Last night I went to dinner with one of my most unlikely friends to come out this search. Long after the meal was over, I found myself wondering how exactly this relationship took off, because on the surface it doesn’t make good sense.
I was looking for someone near me in Chicago to grab a last minute lunch with. She lives in LA.
My goal was to meet people for face-to-face girl-dates. She and I met on the Internet.
As I mentioned last week, I’m always intrigued by the unlikely stories of how friends connect, so it’s my turn. Here goes.
The backstory: When I started this blog, I tried to build a readership by commenting on other blogs that might have a similar audience. I found Lauren’s blog through that Internet vortex—you know when you click on something that leads you to something that leads you to something else, and suddenly you’re watching cats ride broomsticks in clown costumes and have no idea how you got there.
Lauren and I commented back and forth on each other’s blogs for a bit and I wrote a short guest post for hers. When I saw that she and a fellow blogger had a Gchat “study date” to ensure they both got work done one afternoon, I asked if she’d do the same with me. I had deadlines to meet and needed someone to keep me on track. We chatted on gchat that day, learning more about each other during study breaks.
When Lauren had a project she needed an objective opinion on, she asked me to help out since I’d recently done similar work. We chatted back and forth for a bit more as I tried to help her out.
Then she came to Chicago for business. We met at Starbucks, though I only drank water because I was on a cleanse (and was subsequently terrified she’d think I was crazy). Lauren was more understanding and nonjudgmental of my weird food restrictions than I might have been if the tables were turned.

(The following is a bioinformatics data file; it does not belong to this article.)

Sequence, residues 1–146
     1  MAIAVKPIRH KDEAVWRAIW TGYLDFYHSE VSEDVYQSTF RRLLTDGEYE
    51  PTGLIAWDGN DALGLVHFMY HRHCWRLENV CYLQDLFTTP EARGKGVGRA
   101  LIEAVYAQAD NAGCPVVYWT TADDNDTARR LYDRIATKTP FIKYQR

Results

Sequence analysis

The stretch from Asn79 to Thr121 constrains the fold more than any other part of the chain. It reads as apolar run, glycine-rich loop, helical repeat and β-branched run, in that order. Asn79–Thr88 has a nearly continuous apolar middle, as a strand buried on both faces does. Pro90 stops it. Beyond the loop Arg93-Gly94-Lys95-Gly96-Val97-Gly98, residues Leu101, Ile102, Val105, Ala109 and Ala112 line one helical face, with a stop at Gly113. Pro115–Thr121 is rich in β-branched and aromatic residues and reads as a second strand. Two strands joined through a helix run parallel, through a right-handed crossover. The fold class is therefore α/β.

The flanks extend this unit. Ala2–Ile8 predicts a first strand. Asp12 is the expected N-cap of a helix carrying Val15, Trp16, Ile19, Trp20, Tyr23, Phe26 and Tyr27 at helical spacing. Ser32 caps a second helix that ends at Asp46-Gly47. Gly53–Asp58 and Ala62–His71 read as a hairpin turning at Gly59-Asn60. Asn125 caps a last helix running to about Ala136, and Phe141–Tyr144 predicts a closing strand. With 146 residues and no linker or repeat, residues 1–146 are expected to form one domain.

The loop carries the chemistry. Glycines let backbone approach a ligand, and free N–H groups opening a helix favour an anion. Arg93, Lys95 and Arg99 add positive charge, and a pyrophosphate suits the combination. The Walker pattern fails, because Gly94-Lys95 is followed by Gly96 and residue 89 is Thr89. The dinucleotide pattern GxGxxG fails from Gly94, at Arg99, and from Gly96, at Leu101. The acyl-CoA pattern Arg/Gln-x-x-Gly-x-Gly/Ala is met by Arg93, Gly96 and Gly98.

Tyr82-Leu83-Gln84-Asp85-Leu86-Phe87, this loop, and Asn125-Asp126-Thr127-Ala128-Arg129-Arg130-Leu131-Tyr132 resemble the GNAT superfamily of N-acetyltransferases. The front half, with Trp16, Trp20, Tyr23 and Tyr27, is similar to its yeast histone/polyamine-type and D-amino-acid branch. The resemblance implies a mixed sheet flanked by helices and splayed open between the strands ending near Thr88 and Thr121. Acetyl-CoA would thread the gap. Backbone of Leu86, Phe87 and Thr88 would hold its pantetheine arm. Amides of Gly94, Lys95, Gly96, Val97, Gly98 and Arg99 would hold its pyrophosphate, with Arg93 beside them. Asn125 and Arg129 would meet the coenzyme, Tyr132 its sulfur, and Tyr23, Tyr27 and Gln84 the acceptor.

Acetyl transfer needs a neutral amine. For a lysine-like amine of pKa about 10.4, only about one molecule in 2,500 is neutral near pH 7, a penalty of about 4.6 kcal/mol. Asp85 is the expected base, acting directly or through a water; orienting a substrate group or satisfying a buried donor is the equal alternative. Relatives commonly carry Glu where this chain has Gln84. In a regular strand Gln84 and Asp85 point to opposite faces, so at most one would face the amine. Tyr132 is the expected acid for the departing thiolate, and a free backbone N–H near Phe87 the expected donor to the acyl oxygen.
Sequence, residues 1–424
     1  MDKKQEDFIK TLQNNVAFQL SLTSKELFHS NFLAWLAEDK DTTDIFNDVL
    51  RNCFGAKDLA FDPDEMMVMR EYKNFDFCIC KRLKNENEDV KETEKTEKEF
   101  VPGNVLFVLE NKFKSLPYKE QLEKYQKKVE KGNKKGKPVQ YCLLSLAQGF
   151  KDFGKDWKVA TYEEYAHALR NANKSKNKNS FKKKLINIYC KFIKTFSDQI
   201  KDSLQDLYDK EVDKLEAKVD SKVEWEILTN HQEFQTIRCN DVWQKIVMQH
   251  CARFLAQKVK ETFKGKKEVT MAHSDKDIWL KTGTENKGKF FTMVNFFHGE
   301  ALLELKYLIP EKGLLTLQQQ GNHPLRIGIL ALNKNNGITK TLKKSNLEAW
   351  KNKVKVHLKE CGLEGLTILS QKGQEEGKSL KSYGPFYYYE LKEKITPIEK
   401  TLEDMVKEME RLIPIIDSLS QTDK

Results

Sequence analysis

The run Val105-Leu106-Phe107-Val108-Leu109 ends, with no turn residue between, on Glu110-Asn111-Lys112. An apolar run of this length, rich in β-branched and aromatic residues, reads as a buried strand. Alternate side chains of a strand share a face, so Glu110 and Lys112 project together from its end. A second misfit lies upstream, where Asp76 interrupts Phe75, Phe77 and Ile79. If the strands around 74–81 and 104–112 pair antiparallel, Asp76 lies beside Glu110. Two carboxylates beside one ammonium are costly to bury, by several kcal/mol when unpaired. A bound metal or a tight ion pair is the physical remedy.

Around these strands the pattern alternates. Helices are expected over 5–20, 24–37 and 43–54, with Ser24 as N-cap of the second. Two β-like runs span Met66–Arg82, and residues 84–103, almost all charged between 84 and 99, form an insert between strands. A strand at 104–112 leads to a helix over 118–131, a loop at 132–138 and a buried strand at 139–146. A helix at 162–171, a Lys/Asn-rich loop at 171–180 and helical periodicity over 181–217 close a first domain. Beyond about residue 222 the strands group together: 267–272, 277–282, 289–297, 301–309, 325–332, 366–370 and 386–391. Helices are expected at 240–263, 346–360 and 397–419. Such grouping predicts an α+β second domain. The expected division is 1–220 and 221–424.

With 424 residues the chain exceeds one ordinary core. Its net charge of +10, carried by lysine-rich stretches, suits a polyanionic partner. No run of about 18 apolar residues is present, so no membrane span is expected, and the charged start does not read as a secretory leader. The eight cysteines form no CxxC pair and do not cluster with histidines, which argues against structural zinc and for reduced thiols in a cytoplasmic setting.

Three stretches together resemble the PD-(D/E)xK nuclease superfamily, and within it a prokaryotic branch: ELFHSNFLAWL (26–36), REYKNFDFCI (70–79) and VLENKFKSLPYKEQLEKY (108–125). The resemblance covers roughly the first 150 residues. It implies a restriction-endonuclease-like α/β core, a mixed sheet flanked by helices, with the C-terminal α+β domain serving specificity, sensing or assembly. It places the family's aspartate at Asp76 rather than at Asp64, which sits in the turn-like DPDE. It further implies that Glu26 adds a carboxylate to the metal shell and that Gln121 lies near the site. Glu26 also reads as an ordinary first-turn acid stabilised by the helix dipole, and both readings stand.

During that face-to-face coffee/water run, we clicked. There were no moments of awkward silence or racking your brain for something else to say. The relationship felt natural and easy, as good friendships should.
A few months later, when I needed some writerly advice of my own, I went to Lauren. She’d offered to lend a hand when we met the first time, so I figured I’d take her up on it. We’ve become each other’s objective eyes. As a writer, that’s a pretty important person to have.
I was in LA for work this weekend so I took Lauren out to dinner as a thank you for her help. It was our second in-person meeting, and just as friendship fairytale as the first.
It’s kind of amazing. Lauren and I are both writers, but we write such different stuff that we learn a lot from each other. We’re at the same stage in our writing careers, so we can empathize and trade stories. And on a personal level, somehow we had one of those connections where we felt at ease opening up to the other, despite having only officially “met” twice.
I know, it sounds like I’m writing about a romance. I might as well be, as I’m totally smitten with my new friend. If she didn’t live across the country from me, perhaps this search would be over! If men have bromances, maybe Lauren and I have what my friend once called a “shelationship.” (Thoughts on this term? I heard another option recently—sounds like “bromance,” but maybe too offensive to include here…..)
Another long-distance friend is not what I was looking for when I launched my BFF search, but you never know what can happen. I can’t believe that one of my new favorite people is someone I met online.
Lesson: You never know where your next pal will come from. (Side note lesson: Charlie Sheen is wacko. Not related to my search but a lesson nonetheless.)
Oh, and Another Lesson: Be open to the friends who don’t fill your qualifications. If I’d written Lauren off for living in California, this post wouldn’t have been. You just never know.
Where’s the most unlikely place you’ve ever made a friend?